It was a good thing that hula and other aspects of the culture went underground to emerge at a later date. It is also amazing that we have remnants of our culture today, a legacy to our Kupuna who maintained the gift of our oral tradition and the wisdom of passing on to the present generation. Some of the missionaries found that it was more lucrative to get into politics and became advisors to the Kings and Queens. With the word of Christianity and a desire to gain wealth, majority of the missionaries and their ancestors acquired great land holdings and in doing so accumulated great wealth. Today, most of the land owners can trace their "humble beginnings" to the first missionaries that came in 1820 to "save us".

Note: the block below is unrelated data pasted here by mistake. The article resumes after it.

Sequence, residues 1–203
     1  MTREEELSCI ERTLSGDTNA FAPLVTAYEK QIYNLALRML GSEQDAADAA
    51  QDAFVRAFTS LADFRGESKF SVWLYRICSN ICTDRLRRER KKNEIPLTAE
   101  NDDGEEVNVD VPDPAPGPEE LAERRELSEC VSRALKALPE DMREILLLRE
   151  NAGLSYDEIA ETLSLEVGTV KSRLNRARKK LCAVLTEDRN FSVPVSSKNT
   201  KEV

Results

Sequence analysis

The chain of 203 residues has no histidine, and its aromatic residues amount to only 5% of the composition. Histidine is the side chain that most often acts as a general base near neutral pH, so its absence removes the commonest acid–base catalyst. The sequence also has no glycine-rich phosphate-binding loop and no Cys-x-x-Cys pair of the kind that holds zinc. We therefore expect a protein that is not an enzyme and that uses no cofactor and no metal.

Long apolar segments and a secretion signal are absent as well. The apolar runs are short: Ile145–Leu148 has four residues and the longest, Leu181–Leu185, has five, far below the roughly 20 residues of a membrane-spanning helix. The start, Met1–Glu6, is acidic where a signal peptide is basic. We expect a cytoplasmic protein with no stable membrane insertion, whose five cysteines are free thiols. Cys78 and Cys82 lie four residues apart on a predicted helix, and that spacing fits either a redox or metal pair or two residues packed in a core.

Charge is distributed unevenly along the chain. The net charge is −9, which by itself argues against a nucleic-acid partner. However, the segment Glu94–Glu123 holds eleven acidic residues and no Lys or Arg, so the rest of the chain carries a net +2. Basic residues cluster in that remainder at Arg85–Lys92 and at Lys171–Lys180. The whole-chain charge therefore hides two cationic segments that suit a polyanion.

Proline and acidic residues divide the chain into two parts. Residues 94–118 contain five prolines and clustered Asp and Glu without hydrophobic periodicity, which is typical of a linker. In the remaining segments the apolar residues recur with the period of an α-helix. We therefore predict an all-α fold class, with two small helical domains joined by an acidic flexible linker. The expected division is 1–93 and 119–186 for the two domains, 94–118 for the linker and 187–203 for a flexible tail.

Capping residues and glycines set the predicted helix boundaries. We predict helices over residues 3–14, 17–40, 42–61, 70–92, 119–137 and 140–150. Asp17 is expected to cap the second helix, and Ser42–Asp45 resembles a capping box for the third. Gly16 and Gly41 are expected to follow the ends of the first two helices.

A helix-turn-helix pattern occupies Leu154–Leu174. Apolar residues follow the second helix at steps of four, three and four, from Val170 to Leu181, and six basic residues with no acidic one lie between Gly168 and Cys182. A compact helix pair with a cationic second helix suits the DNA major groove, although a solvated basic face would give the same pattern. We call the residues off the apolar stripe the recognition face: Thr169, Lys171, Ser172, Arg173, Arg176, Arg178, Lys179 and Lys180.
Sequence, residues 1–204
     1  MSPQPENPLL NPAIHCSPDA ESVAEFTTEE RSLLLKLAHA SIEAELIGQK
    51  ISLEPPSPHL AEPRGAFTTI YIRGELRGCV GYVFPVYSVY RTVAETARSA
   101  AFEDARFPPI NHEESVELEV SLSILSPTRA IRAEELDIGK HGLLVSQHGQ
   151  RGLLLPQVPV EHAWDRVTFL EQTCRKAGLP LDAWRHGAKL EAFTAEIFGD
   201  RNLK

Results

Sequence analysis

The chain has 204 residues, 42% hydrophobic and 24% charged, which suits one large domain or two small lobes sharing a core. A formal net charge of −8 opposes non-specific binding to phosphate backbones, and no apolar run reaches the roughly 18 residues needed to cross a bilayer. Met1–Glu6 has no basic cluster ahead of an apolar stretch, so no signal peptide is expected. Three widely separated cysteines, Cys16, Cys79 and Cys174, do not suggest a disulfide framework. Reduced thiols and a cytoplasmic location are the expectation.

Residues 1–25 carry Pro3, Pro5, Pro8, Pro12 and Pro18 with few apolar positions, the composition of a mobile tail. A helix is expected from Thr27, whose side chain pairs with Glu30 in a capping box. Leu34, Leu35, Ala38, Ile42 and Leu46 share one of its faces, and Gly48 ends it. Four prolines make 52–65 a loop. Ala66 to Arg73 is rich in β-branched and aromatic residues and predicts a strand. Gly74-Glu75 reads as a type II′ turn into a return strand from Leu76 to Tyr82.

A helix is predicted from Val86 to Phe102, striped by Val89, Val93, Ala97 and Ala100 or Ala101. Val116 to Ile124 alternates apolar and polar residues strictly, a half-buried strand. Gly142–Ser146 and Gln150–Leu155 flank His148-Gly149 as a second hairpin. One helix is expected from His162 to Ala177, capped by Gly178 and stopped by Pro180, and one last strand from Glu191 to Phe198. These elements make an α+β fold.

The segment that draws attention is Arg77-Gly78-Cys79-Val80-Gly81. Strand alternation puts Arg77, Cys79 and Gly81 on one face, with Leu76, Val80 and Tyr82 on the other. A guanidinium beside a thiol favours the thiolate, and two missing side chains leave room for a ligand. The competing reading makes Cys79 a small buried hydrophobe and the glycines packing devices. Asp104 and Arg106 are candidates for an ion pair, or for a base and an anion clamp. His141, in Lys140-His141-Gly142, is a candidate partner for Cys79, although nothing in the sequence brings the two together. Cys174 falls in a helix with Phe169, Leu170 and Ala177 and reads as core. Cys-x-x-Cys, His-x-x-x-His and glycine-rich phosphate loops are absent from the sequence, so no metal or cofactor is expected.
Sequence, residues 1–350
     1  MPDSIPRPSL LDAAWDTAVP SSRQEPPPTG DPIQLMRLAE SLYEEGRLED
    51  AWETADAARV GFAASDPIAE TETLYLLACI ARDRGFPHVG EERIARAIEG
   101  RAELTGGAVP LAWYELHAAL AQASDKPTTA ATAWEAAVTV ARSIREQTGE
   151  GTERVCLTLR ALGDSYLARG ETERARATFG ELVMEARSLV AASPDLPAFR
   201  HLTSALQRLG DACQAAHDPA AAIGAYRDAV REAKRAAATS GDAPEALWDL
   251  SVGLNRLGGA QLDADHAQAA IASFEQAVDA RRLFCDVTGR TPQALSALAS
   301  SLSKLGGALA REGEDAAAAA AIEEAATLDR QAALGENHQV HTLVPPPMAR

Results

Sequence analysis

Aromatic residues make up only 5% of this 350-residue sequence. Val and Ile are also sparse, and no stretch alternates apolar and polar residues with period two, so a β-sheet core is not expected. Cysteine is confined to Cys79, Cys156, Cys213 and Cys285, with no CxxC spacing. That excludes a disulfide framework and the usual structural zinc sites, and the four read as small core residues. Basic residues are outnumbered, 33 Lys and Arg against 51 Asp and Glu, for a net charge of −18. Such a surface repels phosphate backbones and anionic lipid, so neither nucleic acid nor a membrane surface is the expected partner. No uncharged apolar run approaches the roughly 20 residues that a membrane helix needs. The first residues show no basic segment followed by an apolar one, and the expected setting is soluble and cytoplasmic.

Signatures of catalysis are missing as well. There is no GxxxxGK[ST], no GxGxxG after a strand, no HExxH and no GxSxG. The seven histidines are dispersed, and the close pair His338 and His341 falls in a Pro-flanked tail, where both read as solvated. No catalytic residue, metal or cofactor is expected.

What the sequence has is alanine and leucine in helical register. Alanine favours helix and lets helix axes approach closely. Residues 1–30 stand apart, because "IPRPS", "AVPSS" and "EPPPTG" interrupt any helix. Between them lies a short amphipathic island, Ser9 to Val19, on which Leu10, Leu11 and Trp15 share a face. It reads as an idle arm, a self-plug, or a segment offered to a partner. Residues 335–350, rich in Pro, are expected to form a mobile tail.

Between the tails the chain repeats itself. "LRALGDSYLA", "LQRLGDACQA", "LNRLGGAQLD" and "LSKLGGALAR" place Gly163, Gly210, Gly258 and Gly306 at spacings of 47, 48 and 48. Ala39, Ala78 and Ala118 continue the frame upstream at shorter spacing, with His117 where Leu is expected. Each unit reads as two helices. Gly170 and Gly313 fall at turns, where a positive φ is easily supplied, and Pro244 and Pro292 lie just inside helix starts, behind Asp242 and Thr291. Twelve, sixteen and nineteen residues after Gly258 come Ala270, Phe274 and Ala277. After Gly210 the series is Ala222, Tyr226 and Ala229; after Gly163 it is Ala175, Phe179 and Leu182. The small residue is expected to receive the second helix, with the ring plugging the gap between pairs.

In his book, The Legends and Myths of Hawaii by His Majesty David Laamea Kalakaua (who incidentally was responsible for the resurgence of the hula) writes in 1887: "In the midst of these evidences of prosperity and advancement it is but too apparent that the native steadily decreasing in number and gradually losing their hold upon their fair land of their fathers". Within a century of that have dwindled from four hundred thousand healthy and happy children of nature, without care and without want, to the little more then a tenth of that number of landless, hopeless victims to the greed and vices of civilization. They are slowly sinking under the restrains and burdens of their surroundings and will in time succumb to social and political conditions foreign to their nature and poisonous to their blood. Year by year their footprints will grow more dim along the reef-sheltered shores and fainter will come their simple songs from the shadows of the palms, until finally their voices will be heard no more for ever. (Authors note: "These words were spoken by King Kalakaua 99 years ago, and presently in Hawaii, his predictions have came true, what will happen in another 100 years? Will our, "voices be heard no more?")